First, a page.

The second essential step is to isolate the experiment from particles that could mimic proton decay, so any realistic proton decay experiment must be located deep underground to isolate it from random particle passers-by. That’s the strategy pursued by the currently operating Super-Kamiokande experiment in Japan, which consists of a huge tank with 50,000 tons of water in a mine. The upcoming Deep Underground Neutrino Experiment, to be located in a former gold mine in South Dakota, will consist of 40,000 tons of liquid argon.
Because the two experiments are based on different types of atoms, they are sensitive to different ways protons might decay, which will reveal which GUT is correct … if any of the current models is right. Both Super-Kamiokande and DUNE are neutrino experiments first, Feng says, “but we're just as interested in the proton decay possibilities of these experiments as in the neutrino aspects.”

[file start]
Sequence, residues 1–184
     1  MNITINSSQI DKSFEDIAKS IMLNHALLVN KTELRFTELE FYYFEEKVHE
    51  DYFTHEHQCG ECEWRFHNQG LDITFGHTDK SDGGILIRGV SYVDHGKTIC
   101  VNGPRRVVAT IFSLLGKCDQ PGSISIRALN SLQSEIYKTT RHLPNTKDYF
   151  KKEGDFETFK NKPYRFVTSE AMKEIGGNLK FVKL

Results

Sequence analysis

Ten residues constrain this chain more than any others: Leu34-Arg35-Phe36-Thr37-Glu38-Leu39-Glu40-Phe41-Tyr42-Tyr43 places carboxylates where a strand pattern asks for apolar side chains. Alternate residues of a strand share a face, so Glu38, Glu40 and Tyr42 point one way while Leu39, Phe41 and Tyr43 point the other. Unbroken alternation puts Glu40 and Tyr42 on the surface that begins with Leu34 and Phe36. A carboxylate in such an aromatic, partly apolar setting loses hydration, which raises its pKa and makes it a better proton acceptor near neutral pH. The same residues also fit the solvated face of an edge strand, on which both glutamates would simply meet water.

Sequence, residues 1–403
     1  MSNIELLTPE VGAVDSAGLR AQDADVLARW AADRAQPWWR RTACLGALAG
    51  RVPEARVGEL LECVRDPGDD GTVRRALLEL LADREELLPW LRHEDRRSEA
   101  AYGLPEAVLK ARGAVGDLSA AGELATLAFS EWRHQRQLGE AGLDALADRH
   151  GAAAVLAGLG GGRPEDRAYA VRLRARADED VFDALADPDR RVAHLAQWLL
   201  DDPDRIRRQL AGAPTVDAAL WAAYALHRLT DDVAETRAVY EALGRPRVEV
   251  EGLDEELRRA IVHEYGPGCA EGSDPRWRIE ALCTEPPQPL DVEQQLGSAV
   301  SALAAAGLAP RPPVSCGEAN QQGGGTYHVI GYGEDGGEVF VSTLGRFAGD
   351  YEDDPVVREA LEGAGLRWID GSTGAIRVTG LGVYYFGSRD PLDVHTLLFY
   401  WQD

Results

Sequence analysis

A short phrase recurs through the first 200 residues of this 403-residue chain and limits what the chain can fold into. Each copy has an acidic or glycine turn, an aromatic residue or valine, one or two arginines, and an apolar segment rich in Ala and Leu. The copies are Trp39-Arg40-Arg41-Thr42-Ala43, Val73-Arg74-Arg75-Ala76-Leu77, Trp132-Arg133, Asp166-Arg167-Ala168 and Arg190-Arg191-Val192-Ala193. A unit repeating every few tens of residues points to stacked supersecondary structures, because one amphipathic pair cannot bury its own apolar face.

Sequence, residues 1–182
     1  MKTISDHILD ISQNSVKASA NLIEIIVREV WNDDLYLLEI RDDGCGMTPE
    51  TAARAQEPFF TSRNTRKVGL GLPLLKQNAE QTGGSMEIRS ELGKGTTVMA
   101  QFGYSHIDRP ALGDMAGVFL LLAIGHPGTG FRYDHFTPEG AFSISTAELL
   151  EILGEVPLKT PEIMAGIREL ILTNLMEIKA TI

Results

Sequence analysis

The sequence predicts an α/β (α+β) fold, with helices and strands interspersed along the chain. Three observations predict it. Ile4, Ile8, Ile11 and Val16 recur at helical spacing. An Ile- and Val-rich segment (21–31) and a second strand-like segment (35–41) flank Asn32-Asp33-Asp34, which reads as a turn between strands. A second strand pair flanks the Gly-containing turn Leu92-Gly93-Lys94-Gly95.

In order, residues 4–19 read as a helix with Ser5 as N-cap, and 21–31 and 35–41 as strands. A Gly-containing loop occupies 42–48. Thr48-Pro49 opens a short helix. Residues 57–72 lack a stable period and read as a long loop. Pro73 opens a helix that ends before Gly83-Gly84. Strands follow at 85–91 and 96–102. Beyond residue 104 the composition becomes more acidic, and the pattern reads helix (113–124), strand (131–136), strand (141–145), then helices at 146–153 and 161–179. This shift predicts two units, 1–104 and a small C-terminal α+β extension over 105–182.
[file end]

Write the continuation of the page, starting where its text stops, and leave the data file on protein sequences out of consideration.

After all, proton decay follows from profound concepts of how the cosmos fundamentally operates. If protons do decay, it’s so rare that human bodies would be unaffected, but not our understanding. The impact of that knowledge would be immense, and worth a tiny bit of instability.